How the Brain Changes Channels

Your brain cells change channels sort of like a television, scientists say.

Specific cells in the noggin can change what they allow through their membranes by swapping one kind of channel, or membrane opening, for another. This lets your brain fine-tune messages and adjust connections to control fine motor skills, like fumbling with your keys. This channel-changing ability has been recognized for a few years, but the mechanism wasn't known. Now a team at Johns Hopkins University has identified two proteins that flip channels in mice.

These two proteins help replace channels that let calcium into a cell with another kind of channel that keeps calcium out.

A brain cell's activity level depends on its neighbors - the nerves and other cells that connect to it. They don't physically touch, but a cell and its neighbor are close enough that molecules released from one can travel directly to the next.  These molecules dock at specific receptors on the cell's membrane and trigger the opening of gate-like channels. Depending on the receptor and the channel, sodium, calcium, chloride, or other charged atoms will flow into the cell.

Researchers applied an electrical shock to a specific channel that normally allows both sodium and calcium to enter the cell. Within minutes the channel had been swapped with one that still let sodium in but kept calcium out.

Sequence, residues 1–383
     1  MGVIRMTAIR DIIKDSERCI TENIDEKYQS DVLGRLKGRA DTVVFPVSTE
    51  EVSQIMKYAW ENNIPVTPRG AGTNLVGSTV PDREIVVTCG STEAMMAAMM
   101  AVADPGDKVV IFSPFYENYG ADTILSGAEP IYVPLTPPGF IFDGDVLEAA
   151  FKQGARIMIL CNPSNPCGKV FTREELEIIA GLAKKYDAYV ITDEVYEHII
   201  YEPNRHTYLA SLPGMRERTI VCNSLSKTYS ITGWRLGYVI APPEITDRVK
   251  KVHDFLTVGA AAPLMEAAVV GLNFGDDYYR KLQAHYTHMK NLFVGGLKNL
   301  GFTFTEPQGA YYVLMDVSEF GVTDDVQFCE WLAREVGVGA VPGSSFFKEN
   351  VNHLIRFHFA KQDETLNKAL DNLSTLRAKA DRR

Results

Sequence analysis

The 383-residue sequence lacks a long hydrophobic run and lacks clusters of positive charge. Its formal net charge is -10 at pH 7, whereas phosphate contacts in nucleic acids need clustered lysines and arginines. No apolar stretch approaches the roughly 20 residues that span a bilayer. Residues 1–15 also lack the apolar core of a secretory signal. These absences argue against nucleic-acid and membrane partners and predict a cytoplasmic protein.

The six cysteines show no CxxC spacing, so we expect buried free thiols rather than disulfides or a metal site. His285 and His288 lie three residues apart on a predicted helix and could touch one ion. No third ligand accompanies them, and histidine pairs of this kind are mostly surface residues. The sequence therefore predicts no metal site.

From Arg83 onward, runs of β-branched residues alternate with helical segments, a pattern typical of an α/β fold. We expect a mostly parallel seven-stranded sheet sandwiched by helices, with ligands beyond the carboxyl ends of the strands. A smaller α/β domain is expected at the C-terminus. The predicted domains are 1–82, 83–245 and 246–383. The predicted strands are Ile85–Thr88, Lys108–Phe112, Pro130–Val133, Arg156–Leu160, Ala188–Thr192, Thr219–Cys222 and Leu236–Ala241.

The findings are detailed in the March 24 issue of Neuron.

The researchers speculate that the cell is engaging in self-preservation, since too much calcium inside a nerve cell can kill it. Calcium has many jobs inside cells, and the channel swap might accomplish more than just keeping the cell alive. "Calcium turns some processes on, and it turns others off," said Richard Huganir, a neuroscientist at the Howard Hughes Medical Institute at Johns Hopkins. "My personal belief is that the cells might be doing more than just protecting themselves by keeping calcium out." In some cases, protection might be enough of a goal. Muscle-controlling nerve cells in people with Lou Gehrig's disease die because too much calcium gets inside. If doctors could swap the calcium-allowing channels in these cells for the kind that keeps calcium out, it might be possible to prevent the cells from dying. "But that's a big 'if' at this point," Huganir said.

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Bjorn Carey is the science information officer at Stanford University. He has written and edited for various news outlets, including Live Science's Life's Little Mysteries, and Popular Science. When it comes to reporting on and explaining wacky science and weird news, Bjorn is your guy. He currently lives in the San Francisco Bay Area with his beautiful son and wife.